This Premiership season has been one of the most competitive and unpredictable seasons of recent years. At the top of the table, there are three points separating United, Arsenal and Chelsea whilst the battle for Champions League qualification looks set to go to the wire. The gap between the elite teams and also ran’s appears to be closing by the week.
When Manchester City were taken over by Abu Dhabi’s, Sheikh Mansour back in September 2008 there was criticism from all corners that City were just another team trying to buy the title. True perhaps, but in today’s modern football which is now solely down to finance surely another team competing at the top can only be a good thing? This season Manchester City sit 5th which as it stands would be their best finish in the Premier League to date. A club with great history, tradition, and adoring fan base is being made great again and with it gives the Premiership a renewed competitive edge.
Come down to Spain however and there is a very different story. It is unlikely that the reign of the top two teams will come to an end in coming years. This season looks set to be the 22nd time that one of Real or Barcelona has won Spain’s top division in the past 26 years, and with 60% of all television revenue going to the two it is unlikely that either club will have any financial rivals next year either. For all the talent that potential challengers Valencia, Sevilla, etc do possess it is hard for even the most optimistic fans to see them keeping up with the dominant forces over the course of 38 La Liga games.
For a big money owner to come into one of these clubs and provide extra impetus and additional funds would be beneficial to the whole of La Liga. In modern day football, gone are the days where clubs like Athletic Bilbao could win with their wholly admirable ‘Cantera Policy’, instead the economic power and expenditure of the clubs reign supreme. Some may not like it but this is what football has become. Instead of fighting it, we must embrace it and could you think of anything better than three, even four teams fighting it out at the top come the end of April?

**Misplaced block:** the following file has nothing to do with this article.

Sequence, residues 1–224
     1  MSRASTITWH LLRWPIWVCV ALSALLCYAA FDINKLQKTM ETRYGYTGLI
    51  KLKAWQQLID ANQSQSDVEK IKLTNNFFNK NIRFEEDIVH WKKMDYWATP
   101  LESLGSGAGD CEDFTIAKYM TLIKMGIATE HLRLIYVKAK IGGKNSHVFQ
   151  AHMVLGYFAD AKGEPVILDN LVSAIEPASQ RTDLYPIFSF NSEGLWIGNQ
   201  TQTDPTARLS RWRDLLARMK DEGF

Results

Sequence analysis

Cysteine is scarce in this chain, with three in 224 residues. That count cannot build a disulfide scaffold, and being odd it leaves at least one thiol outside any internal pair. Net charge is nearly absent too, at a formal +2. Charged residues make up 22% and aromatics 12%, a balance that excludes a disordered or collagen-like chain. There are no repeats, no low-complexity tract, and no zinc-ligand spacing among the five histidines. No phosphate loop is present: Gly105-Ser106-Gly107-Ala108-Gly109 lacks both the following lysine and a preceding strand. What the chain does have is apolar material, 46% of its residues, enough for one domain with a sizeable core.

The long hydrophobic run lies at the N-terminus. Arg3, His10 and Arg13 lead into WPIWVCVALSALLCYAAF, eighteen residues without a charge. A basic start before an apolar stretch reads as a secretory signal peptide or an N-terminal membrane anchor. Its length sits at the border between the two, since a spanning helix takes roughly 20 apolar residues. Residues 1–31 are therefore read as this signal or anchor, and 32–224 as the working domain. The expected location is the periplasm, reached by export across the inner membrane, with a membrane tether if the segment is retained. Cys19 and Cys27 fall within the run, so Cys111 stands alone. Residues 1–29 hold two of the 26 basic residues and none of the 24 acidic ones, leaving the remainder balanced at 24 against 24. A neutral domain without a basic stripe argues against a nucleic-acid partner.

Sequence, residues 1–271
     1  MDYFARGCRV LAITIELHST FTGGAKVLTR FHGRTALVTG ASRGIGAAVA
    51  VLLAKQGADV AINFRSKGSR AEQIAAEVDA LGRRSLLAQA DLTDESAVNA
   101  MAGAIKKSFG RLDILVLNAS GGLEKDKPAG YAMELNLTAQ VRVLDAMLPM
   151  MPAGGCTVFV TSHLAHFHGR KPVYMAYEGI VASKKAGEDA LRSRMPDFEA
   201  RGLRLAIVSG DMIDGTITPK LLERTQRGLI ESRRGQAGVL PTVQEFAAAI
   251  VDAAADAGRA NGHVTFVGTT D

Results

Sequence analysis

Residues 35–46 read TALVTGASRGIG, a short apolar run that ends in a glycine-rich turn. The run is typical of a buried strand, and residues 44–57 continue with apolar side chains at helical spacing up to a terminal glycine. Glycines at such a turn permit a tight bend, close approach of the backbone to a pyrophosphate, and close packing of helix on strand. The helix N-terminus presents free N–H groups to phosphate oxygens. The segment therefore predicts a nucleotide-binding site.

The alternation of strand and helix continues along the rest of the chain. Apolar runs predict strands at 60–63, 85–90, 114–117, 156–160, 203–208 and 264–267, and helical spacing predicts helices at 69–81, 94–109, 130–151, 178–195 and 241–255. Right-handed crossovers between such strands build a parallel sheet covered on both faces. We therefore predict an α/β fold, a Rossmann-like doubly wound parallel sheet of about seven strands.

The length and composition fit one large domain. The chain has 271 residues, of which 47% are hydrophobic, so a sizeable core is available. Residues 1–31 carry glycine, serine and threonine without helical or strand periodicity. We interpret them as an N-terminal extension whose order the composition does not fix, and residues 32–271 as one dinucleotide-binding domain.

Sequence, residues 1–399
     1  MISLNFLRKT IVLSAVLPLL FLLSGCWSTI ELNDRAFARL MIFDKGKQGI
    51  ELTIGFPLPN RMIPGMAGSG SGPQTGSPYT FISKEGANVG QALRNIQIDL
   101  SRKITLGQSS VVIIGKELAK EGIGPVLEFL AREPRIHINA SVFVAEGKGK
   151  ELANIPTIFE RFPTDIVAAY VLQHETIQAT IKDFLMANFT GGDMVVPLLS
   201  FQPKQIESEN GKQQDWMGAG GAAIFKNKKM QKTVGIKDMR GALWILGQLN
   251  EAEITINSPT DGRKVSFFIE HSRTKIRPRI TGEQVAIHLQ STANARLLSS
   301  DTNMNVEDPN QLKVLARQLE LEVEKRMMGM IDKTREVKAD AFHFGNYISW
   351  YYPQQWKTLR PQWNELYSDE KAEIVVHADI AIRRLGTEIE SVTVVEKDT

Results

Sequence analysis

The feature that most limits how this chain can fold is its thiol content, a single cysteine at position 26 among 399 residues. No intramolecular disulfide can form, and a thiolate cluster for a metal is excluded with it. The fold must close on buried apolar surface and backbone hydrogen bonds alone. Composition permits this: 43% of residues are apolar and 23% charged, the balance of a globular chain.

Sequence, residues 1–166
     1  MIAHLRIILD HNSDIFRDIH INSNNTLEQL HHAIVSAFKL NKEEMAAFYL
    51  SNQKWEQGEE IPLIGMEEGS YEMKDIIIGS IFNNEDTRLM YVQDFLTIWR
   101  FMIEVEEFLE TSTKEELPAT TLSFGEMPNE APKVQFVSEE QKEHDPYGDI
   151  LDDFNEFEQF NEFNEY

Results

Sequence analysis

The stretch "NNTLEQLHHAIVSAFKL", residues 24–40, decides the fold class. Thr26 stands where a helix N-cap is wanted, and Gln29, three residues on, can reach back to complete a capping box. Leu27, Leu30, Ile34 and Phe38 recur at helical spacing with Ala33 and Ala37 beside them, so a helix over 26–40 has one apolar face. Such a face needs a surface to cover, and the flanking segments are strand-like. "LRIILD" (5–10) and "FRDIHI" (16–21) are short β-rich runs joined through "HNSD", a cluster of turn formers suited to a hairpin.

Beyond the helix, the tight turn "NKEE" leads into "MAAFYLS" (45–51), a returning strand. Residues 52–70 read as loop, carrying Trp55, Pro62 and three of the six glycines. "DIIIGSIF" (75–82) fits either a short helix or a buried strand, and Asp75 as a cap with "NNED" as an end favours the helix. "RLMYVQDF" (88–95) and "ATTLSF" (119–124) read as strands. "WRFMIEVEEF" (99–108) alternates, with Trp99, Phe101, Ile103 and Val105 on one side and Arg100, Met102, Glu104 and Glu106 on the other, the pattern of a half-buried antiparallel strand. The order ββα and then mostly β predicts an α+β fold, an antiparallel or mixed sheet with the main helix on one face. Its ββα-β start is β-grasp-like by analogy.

Whilst in this economic recession the demand for football clubs may have diminished somewhat, so admittedly this may take time. But for those that are bored with the almost dictatorship grip that Real Madrid and Barcelona have on La Liga, but still love the flair of Spanish Football, there may just be a solution.
Drop down a league in Spain, and you will stumble across the Segunda Division, a league which is almost ignored in countries outside Spain. This season, at the time of writing, there are seven teams all within ten points of top spot all of them dreaming of competing with the big boys in La Liga. Now there’s entertainment.
Written by Richard Thorburn